Though this is Téa Obreht’s debut novel, it arrives with loud fanfare after the author landed on The New Yorker‘s “Best 20 Under 40” list—she’s the youngest at 25—and the National Book Foundation named her one of the “Best 5 Under 35.” In addition, The Tiger’s Wife has received starred reviews from Publishers Weekly, Booklist and the Library Journal. Does the book live up to the hype? Yes and no, depending on how much you like narration vs. dialogue.
The narrator is a young doctor named Natalia who’s traveling in an unnamed Balkan country with her friend Zóra to deliver medical aid to an orphanage. On the way, Natalia receives news that her beloved grandfather has died under mysterious circumstances away from home. She sets out to bring back his belongings and in the process recalls the stories he had told her since childhood. These include tales of “the deathless man” her grandfather met as a young man, a tiger who came to live (and be feared as the devil) in her grandfather’s village when he was a boy, and the deaf-mute girl who became known as the tiger’s wife.
Obreht is undeniably a gifted writer, able to conjure vivid imagery in her descriptions of a country ravaged by war. Her understanding of history lends depth and maturity to her storytelling. The problem is there’s too much of a good thing. The author’s omniscient voice is everywhere so she tends to describe everything, even getting inside a tiger’s head to describe his feelings. She often writes up to a dozen pages of narrative without any dialogue. This style left me feeling a little removed from the proceedings. Dialogue draws me into scenes in an immediate way, making me feel like someone eavesdropping on conversations. Too much narration renders me passive as a reader, as if I’m only getting a summary of characters’ actions after the fact. I often missed the insight that can be gleaned from what people say to each other, whether or not they’re telling the truth. Some readers may have no problem sitting back and being told a good story; I like to feel as if I’m inside it.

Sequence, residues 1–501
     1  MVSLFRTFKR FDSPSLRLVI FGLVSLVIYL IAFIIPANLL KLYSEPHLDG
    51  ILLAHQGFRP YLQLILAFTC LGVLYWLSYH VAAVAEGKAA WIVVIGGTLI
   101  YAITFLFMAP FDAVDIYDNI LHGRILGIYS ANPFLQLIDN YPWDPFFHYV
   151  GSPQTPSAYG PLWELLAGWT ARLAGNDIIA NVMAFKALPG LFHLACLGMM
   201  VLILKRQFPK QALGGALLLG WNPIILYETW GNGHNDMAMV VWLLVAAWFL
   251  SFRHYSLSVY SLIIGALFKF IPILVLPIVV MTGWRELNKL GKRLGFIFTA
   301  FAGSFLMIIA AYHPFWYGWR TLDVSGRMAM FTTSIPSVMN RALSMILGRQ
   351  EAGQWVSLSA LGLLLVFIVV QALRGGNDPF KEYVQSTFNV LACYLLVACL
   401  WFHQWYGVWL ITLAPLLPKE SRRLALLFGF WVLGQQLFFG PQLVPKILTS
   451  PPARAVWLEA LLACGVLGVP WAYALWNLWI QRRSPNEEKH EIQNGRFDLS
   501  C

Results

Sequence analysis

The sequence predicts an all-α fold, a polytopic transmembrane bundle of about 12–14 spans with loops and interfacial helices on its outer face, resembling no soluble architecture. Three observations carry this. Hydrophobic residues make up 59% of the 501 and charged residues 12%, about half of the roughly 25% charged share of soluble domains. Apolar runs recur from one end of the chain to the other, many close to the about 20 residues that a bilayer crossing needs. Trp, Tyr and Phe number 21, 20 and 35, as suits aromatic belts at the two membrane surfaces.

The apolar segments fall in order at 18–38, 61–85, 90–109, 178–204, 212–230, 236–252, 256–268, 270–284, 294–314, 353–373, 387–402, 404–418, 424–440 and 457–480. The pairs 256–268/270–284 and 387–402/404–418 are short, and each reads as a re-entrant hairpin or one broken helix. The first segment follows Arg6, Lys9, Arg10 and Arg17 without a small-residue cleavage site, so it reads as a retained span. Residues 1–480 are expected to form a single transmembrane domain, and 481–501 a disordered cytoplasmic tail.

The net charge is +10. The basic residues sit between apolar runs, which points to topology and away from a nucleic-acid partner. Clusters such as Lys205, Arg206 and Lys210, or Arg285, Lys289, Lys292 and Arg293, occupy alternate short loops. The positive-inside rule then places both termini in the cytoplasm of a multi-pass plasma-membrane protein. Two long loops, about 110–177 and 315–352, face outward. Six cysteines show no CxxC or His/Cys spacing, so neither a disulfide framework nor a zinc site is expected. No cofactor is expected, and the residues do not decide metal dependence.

Obreht’s cast of characters is uneven, with some much more interesting than others. The grandfather is the strongest link; every scene he’s in is riveting. The deathless man with his mysterious coffee cup is also quite a creation; someone who possibly works for Death should be creepy but is instead charming and well-mannered. The deaf-mute girl is a heart-rending figure elevated to mystical status and the tiger at times seems more human than the men who engage in animalistic violence.
Because these stories are captivating, I got impatient with the chapters about the less intriguing characters, including Natalia. She’s chasing the truth about her grandfather while remaining somewhat of a blank slate. Obreht also digresses into the histories of the butcher and the apothecary from the grandfather’s village. The backstories do have emotional resonance but are disproportionately long for such tangential characters, pulling focus away from the central ones. Ultimately, Tiger’s Wife has much to be admired even if it’s not quite as magical as some of the legends it tells.
Nerd verdict: A tame Tiger’s